The JTS Geometry module is an implementation of ISO 19107 as specified by the GeoAPI interfaces. Implementations of the GeoAPI interfaces should obey the Liskov Substitution Principle. As such, there is considerable opportunity afforded to distinguish between two categories of tests. Isolation of the tests as described here has the advantage that tests need only be developed once, not for each implementation.
Main testing categories:
- testing correct geometric functionality which all GeoAPI 19107 implementations must provide; and
- testing correct functionality specific to this particular implementation.
The benefits, of course, are that each implementation can test their code against a pre-existing suite of tests, and can feed back their corrections should the test itself be found to be inaccurate. This creates a situation which facilitates increasing quality of tests (and hence increasing quality of code) in this highly complex subject area.
Examples of testing common functionality:
- Testing the results of computational geometry methods.
- Testing that classes can be instantiated with the appropriate factory.
- Testing various predefined "conformance levels" (e.g. predefined set of classes are instantiable and provide one of the following levels of service: 1] carry data-values only; 2] #1 plus simple operations; or 3] #2 plus complete operations)
- Testing that GeoAPI implementations appropriately handle changes to their defining Sets or Lists.
- Testing for correct behavior regarding mutable vs. immutable types.
Examples of testing implementation specific functionality:
- Testing mechanism for clearing cached objects.
- Testing perceived weaknesses particular to the implementation techniques used.
The general plan of attack is to write Abstract Test Cases synonomous with Abstract Tests. Both of these are Testing Patterns which provide for the testing of multiple implementations of an interface.
There are some questions which must be resolved regarding a test plan such as this. The first question is: Where should the common tests reside? Should these tests be a part of the GeoTools project or should they be part of GeoAPI? In either case, these tests should be completely isolated from GeoTools specific artifacts.
Once the location has been determined, how should such tests be packaged? With the Maven build system used by both GeoTools and GeoAPI, it is common to include a test directory populated with a barrage of JUnit tests. There are some issues with this arrangement which require resolution prior to developing a reusable test suite:
- Tests are generally not packaged for distribution, but in this case they must be. Does this imply that a testing module would consist only of abstract classes implementing tests, and that these "tests" would reside in the "src" directory in order to be packaged?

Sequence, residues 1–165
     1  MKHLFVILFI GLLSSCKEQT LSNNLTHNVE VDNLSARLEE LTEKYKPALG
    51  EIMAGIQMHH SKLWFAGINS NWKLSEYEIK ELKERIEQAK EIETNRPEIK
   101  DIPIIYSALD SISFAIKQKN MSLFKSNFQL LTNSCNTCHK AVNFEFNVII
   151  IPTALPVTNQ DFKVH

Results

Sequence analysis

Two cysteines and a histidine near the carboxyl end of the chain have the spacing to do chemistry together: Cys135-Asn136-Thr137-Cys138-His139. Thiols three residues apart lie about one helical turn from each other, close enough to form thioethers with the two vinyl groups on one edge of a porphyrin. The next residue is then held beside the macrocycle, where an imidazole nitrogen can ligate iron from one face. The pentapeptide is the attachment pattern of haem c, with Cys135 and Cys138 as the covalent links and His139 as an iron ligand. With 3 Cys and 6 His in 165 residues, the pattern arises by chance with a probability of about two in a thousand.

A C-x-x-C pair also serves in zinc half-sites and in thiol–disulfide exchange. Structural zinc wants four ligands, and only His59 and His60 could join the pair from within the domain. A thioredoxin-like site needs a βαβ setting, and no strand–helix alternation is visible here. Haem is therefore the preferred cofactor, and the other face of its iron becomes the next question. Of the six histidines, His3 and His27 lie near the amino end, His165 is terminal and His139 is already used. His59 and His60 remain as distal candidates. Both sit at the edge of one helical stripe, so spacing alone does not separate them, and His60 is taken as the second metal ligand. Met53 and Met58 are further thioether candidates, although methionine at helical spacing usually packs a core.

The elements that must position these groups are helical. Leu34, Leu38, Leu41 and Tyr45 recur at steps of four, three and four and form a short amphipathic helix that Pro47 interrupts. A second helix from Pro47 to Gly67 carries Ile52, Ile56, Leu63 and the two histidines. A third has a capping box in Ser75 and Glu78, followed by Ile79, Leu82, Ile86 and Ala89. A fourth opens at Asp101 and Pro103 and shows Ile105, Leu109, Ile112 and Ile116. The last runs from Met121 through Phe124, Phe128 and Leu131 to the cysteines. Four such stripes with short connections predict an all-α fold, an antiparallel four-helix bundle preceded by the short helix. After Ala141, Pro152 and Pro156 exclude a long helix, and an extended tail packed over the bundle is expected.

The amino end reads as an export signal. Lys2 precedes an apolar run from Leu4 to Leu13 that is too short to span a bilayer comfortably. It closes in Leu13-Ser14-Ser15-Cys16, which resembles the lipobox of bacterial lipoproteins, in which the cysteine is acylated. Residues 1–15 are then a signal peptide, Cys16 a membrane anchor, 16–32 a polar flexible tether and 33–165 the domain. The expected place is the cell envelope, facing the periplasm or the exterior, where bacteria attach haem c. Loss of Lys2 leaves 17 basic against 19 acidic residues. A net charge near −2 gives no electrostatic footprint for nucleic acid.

- Tests are classes which are generally instantiable so that they can be compiled and run. In this situation, the tests are incomple as they must be provided with the geometry factory relevant to the implementation they are required to test. Should the tests all be abstract, requiring the user to subclass each one, providing the required factories (as described on the Abstract Test page? Or since the required information for all tests is nearly identical, should we produce our own testing pattern?
- Lastly, and this is more of a design issue, clients should be capable of selecting predefined test suites (say to verify compliance with a particular conformance level) or individual tests.
Source of tests
Much of the computational geometry could be tested using the JTS test suite. JTS uses two testing harnesses: JUnit is used for some things; and a custom GUI-based harness is used to define and run geometric tests. This custom test harness facilitates the graphical design of tests, and can be run in graphical or text mode, but is not obviously compatible with an automated test harness like JUnit. (The user manual for this test suite ships with the JTS source code but is not obviously available on the JTS website. I have attached it to GEOT-831.) This testing approach has obvious benefits for a geometric package. The downside is that it is a manual testing process.
Ideally, I think it would be greatly advantageous to steal not only the predefined tests from the JTS test suite, but also their testing harness. Ideally, we could have a testing harness which operates on 19107 GeoAPI interfaces instead of JTS classes, and which behaves in a similar manner to JUnit (primary characteristic: automatically informing some supervisory system (maven) that tests are passing or failing.)
The effort required to adapt the JTS testing harness to GeoAPI must be compared to the effort required to develop and verify 100+ geometric tests without using their handy graphical tool. As I am not an expert in computational geometry, the hands-down winner is: stealing the harness. The source code for the test harness is available via anonymous CVS access (as described here) but not in the source-and-binary zipfiles of the JTS releases. CVS access also includes several JUnit tests of (currently unexamined) content. Presumably, these JUnit tests are not as "geometric" as the ones defined using the GUI.
Things which need to be examined:
- What is the coverage of the existing JUnit JTS tests, and can they be stolen?
- Is the GUI tester already adapted to the JUnit framework?
- How much effort would it be to make the custom JTS test harness work against GeoAPI's 19107 interfaces?